Boxing is a very unique sport in the way that fights are made. Unlike most other sports boxing doesn’t have a seasonal structure, the sport does not live by anyones schedule. There is no one figure head of the sport, there is no god. We put our faith in promoters and managers to put on the best fights, the fights the fans want to see but all too often we are being let down badly, and better still their are some who applaud it.
The past week has felt a little bit like Groundhog Day as we found out Team Fury had knocked back a derisory offer from Eddie Hearn to make the biggest fight in boxing Fury vs Joshua, a story that is becoming all too familiar when talking bout Hearn. Fury and his team have demanded a 50/50 split which once again has split fans down the middle but I for one am not falling into these murky waters again. I don’t think it is outrageous to suggest that Fury/Joshua will be the highest grossing fight in British boxing history. The fan fair and media frenzy in the build up to this fight would be like nothing we have ever seen before, it would break all UK PPV records, it would pack out 90,000 inside Wembley and with both having such big followings the atmosphere in the arena would be unique. Every major brand in the world would want its logo attached somewhere to this fight. Just thinking of how much money this fight will generate really does make the mind boggle. With all this in mind am I the only one that finds absurd that this fight is not happening due to a dispute over money.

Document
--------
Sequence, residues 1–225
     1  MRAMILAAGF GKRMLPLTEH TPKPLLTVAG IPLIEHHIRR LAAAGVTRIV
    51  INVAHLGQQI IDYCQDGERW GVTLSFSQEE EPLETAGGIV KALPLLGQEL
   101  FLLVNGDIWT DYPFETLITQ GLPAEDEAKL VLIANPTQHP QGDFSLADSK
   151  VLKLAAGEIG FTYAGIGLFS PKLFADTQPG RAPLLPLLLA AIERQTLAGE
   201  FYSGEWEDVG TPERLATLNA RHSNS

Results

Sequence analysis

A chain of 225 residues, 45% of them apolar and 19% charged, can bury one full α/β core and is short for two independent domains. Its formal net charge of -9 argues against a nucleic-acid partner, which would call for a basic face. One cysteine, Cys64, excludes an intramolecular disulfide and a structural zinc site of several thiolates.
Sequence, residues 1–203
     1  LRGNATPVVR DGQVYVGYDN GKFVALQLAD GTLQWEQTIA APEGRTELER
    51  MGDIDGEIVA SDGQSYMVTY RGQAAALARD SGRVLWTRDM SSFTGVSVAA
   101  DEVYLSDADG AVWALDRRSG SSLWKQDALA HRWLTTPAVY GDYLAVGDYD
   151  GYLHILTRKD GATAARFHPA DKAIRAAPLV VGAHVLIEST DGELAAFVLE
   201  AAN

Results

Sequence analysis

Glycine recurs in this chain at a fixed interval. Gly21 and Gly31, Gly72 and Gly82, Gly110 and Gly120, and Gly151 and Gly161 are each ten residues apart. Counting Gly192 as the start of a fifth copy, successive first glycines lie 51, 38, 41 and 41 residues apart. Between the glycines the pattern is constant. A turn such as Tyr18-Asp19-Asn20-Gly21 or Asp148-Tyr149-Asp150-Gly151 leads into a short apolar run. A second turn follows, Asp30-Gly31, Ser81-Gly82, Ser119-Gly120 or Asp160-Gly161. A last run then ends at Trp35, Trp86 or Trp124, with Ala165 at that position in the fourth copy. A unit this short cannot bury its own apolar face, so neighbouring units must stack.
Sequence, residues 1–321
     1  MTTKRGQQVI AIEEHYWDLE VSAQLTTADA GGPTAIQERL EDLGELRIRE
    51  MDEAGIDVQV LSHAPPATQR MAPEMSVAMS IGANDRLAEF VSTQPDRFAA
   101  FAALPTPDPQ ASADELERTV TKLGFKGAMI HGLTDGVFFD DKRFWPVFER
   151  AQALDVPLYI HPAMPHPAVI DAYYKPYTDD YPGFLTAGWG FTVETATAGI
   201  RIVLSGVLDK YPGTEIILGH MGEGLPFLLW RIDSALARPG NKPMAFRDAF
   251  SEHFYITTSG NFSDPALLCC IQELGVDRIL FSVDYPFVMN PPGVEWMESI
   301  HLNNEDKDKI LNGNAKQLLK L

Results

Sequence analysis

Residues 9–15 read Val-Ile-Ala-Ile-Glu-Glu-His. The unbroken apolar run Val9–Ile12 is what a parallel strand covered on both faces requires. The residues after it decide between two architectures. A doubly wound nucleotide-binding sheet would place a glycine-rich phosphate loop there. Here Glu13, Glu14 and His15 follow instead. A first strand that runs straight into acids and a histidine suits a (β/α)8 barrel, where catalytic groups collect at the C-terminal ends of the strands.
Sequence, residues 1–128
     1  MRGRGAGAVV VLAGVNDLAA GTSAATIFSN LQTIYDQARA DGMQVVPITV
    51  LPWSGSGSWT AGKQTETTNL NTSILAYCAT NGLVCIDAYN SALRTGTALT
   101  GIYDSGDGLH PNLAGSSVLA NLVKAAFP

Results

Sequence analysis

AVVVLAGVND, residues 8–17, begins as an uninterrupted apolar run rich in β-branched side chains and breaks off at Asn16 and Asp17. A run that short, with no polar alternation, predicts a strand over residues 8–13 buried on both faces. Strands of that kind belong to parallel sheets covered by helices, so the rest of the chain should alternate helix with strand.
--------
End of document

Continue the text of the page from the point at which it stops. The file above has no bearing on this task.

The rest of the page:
All too often I see on social media boxing fans argue over who deserves what. I see tweets daily by fans who are all too happy that fights have not been made because they think a fighter is over valuing himself. I see tweets by fans who would rather see fights not happen because they believe so firmly that the A-side boxer should call all the shots. Greed is the most detrimental thing to boxing. There are times when greed robs fans of the best fights at the right time, there are times when greed robs fighters of the biggest night of their lives and most importantly greed is slowly killing the sport. In todays world boxing is nowhere near as powerful as it once was as people can get their blood lust elsewhere like the UFC. Whilst boxing has spent decades shooting itself in the foot time and time again. UFC has given it’s fight fans the best fights possible time after time which has its popularity soar.